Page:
Black Lives Matter Vancouver Calls on the City to Dismantle Systems of Violence and Oppression
Abdi Gani Mahamud Hirsi
These are just a few of the names of Black lives claimed by state violence and neglect in recent years. Their lives mattered. All Black Lives Matter!
Each of them should be here now, that is why we work to ensure that the systems that failed them do not claim another life. Each of these violent killings cuts deep, but we remain unbroken. Instead, they have (once again) brought us together in the streets, and online, to reaffirm what we’ve always known; there can be neither justice, nor peace, within a police state. Black Lives Matter centres the lived experiences of Black people who are queer, trans, non-binary, live with disability, and/or do sex work because these community members have too often been left to the margins of social movements or altogether erased from history. In prioritizing the voices of our most vulnerable, we address the needs most critical to community safety.
For many of you acknowledging—for the first time—that #blacklivesmatter, this comes with a pang of guilt: a realisation of complacency and complicity in the face of ongoing state-sanctioned violence you thought was in the past. For others, this simple statement is an affirmation of our existence, and our deserving to live and thrive. Black Lives Matter Vancouver exists to hold police accountable for violence against Black people. We do so while standing in solidarity with the Indigenous people on the traditional, ancestral and unceded territory of the xʷməθkʷəy̓əm (Musqueam), Sḵwx̱wú7mesh (Squamish), and Səl̓ílwətaʔ/Selilwitulh (Tsleil-Waututh) First Nations currently known as Vancouver.
Cultural amnesia allows us to think that Canada’s, and British Columbia’s history sits atop a moral high ground, and many people assume that Canada is “not as bad” as the United States. Let it be known that a nation built upon stolen lands and enslavement can only do so under implicit threat of violence. Land dispossession and brutal violence are the underpinnings of our shared history within this particular police state. The punitive justice model employed by the VPD is harming our communities, and creates unsafe conditions because of increased police surveillance. We cannot move forward without a shift to community-based models of security and safety. A restorative justice model will allow good to come from harm, and stifle the cycle of pain, abuse, and racial violence at the root of policing.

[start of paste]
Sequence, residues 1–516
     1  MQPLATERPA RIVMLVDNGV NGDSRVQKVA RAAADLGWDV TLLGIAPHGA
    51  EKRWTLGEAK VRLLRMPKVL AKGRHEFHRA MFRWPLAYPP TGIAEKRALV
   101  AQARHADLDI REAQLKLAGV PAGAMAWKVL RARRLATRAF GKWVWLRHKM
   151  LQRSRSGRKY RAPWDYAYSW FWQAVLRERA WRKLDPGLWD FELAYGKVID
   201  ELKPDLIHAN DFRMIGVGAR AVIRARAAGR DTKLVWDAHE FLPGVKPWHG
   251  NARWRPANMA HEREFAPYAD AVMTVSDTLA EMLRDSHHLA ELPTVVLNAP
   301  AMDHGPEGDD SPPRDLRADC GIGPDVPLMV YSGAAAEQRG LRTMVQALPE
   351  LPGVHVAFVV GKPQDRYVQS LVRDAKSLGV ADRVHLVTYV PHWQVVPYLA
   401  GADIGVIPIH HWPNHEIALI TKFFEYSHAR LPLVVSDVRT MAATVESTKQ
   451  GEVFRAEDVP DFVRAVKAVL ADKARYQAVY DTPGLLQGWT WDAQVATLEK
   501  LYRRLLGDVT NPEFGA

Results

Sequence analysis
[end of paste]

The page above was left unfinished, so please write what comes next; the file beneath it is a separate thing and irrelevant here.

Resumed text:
We stand in solidarity with our people in the United States, but we will not allow Canadians to use the struggle of Black people to the south as a tool to distract from the ongoing police violence against, and state-sanctioned oppression of Black lives in Canada, British Columbia, and Vancouver. Simply put, the distinctions between the ways Black folks were used to generate wealth for the economies of colonial North America do not change the racist and white supremacist opinions and institutions that founded our two countries. The City of Vancouver has recently spoken up against anti-Black racism, but it was long overdue. It is imperative that the city acts in continuous collaboration with the Black community to address the long-standing institutional racism that exists within its policies and practices. We vehemently oppose the violence enacted on Black bodies by police, and the state, as well as the undergirding conditions which facilitate and justify this violence.
Our freedom is not and should have never been up for negotiation, and so Black Lives Matter Vancouver issues the following demands and calls to action:
As we call on the above state bodies to act, here are some actions you and your families can and need to take. This handy resource can be used to guide you.
Vancouver Police Board
Minister of Public Safety and Solicitor General
BC Association of Police Chiefs
Chief Constable of the Vancouver Police Department and President of the Canadian Association of Chiefs of Police
Vancouver Pride Society Board of directors